Harvard-Yenching Institute Monograph Series

2009
Empire of Texts in Motion: Chinese, Korean, and Taiwanese Transculturations of Japanese Literature
K. L. Thornber, Empire of Texts in Motion: Chinese, Korean, and Taiwanese Transculturations of Japanese Literature. Cambridge: Harvard University Asia Center, 2009. Buy this book from Harvard University PressAbstract

By the turn of the twentieth century, Japan’s military and economic successes made it the dominant power in East Asia, drawing hundreds of thousands of Chinese, Korean, and Taiwanese students to the metropole and sending thousands of Japanese to other parts of East Asia. The constant movement of peoples, ideas, and texts in the Japanese empire created numerous literary contact nebulae, fluid spaces of diminished hierarchies where writers grapple with and transculturate one another’s creative output.

Drawing extensively on vernacular sources in Japanese, Chinese, and Korean, this book analyzes the most active of these contact nebulae: semicolonial Chinese, occupied Manchurian, and colonial Korean and Taiwanese transculturations of Japanese literature. It explores how colonial and semicolonial writers discussed, adapted, translated, and recast thousands of Japanese creative works, both affirming and challenging Japan’s cultural authority. Such efforts not only blurred distinctions among resistance, acquiescence, and collaboration but also shattered cultural and national barriers central to the discourse of empire. In this context, twentieth-century East Asian literatures can no longer be understood in isolation from one another, linked only by their encounters with the West, but instead must be seen in constant interaction throughout the Japanese empire and beyond.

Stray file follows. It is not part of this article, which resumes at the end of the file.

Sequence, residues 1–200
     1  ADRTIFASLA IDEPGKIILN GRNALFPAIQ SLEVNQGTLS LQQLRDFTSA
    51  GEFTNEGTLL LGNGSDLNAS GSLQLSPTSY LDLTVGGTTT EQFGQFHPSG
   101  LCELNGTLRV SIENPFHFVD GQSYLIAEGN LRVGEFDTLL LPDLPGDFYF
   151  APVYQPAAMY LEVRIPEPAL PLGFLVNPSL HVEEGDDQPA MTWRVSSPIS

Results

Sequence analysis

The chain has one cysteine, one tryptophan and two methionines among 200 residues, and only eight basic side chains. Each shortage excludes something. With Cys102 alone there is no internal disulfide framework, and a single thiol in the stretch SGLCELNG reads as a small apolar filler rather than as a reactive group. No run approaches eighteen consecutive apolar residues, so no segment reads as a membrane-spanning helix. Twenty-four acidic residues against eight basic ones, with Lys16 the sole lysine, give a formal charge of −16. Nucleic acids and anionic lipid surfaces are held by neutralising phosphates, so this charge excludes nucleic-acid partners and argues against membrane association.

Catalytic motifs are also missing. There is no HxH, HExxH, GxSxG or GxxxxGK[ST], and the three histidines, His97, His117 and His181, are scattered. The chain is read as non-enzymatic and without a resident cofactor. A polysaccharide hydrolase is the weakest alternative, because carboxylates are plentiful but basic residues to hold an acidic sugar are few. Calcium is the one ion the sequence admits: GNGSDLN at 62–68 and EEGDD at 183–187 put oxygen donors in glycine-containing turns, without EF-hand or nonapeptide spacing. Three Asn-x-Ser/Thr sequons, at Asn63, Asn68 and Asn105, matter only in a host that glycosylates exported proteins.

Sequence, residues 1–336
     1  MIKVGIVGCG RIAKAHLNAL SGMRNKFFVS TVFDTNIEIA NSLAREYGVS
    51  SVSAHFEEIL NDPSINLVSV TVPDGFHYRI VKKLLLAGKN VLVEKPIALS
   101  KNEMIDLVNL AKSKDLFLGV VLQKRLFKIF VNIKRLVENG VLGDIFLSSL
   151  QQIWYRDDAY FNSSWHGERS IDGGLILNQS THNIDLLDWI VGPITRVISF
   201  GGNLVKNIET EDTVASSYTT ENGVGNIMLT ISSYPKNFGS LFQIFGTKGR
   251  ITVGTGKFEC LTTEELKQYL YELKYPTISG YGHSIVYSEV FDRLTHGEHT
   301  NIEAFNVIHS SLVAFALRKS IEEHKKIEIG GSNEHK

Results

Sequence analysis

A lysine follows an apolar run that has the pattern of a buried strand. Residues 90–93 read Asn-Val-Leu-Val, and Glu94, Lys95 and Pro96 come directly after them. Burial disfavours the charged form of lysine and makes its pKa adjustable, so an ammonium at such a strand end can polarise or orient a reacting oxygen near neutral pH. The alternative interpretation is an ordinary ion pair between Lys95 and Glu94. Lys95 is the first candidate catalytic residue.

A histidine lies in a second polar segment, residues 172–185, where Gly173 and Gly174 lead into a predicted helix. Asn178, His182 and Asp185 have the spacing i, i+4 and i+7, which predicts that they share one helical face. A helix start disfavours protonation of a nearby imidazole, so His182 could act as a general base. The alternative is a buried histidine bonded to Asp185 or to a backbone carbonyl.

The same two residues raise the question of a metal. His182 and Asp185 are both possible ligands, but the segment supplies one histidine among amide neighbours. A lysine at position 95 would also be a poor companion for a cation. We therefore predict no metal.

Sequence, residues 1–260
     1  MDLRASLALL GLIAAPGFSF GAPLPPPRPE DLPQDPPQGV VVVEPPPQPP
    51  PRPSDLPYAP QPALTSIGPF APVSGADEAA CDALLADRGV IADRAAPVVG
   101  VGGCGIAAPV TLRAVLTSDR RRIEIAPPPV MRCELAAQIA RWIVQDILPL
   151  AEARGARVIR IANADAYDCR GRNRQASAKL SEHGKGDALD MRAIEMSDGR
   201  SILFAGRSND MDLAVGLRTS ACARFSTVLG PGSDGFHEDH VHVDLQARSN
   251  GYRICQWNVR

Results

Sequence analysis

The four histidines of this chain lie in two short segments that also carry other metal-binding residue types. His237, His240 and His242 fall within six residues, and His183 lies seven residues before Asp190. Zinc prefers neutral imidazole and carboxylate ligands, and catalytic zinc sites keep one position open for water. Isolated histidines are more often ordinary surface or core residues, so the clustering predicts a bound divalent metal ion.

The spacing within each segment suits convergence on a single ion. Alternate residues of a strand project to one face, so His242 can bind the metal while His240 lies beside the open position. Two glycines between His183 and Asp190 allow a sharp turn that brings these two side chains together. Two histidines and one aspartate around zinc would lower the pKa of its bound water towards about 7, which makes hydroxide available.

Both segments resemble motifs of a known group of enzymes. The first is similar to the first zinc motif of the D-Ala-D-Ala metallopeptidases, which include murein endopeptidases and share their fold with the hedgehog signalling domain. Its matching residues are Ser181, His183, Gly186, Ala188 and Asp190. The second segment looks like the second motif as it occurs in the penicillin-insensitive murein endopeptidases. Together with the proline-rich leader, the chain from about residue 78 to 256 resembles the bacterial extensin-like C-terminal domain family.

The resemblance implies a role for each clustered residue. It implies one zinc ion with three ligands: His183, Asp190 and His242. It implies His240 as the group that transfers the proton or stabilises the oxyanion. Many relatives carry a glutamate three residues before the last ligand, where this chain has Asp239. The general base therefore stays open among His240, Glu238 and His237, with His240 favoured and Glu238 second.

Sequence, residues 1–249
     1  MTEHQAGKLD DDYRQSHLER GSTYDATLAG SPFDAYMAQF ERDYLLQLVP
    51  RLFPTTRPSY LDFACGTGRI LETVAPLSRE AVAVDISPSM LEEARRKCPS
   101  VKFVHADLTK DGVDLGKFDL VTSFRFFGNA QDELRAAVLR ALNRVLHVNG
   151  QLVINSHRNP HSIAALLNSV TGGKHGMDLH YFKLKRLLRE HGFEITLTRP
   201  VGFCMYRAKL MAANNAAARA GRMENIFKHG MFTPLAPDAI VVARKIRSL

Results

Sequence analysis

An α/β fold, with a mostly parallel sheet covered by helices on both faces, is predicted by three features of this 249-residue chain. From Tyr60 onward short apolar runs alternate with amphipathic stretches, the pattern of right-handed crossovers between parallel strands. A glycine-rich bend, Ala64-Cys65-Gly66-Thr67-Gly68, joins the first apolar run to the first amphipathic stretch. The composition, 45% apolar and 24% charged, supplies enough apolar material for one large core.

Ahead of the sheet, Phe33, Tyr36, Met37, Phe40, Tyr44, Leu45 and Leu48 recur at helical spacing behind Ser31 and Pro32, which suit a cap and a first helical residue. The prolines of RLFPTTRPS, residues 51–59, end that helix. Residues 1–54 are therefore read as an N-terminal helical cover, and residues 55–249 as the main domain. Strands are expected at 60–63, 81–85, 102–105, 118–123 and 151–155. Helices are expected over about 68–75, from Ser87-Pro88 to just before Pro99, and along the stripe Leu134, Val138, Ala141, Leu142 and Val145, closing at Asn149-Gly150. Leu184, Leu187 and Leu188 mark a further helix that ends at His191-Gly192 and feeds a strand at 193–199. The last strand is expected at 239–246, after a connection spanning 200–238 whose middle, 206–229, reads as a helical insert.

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Table of Contents

Introduction

Index

Empire's Twilight: Northeast Asia under the Mongols
D. M. Robinson, Empire's Twilight: Northeast Asia under the Mongols. Cambridge: Harvard University Asia Center, 2009. Buy this book from Harvard University PressAbstract

The rise of the Mongol empire transformed world history. Its collapse in the mid-fourteenth century had equally profound consequences. Four themes dominate this study of the late Mongol empire in Northeast Asia during this chaotic era: the need for a regional perspective encompassing all states and ethnic groups in the area; the process and consequences of pan-Asian integration under the Mongols; the tendency for individual and family interests to trump those of dynasty, country, or linguistic affiliation; and finally, the need to see Koryo Korea as part of the wider Mongol empire.

Northeast Asia was an important part of the Mongol empire, and developments there are fundamental to understanding both the nature of the Mongol empire and the new post-empire world emerging in the 1350s and 1360s. In Northeast Asia, Jurchen, Mongol, Chinese, Korean, and Japanese interests intersected, and the collapse of the Great Yuan reshaped Northeast Asia dramatically. To understand this transition, or series of transitions, the author argues, one cannot examine states in isolation. The period witnessed intensified interactions among neighboring polities and new regional levels of economic, political, military, and social integration that explain the importance of personal and family interests and of Korea in the Mongol state.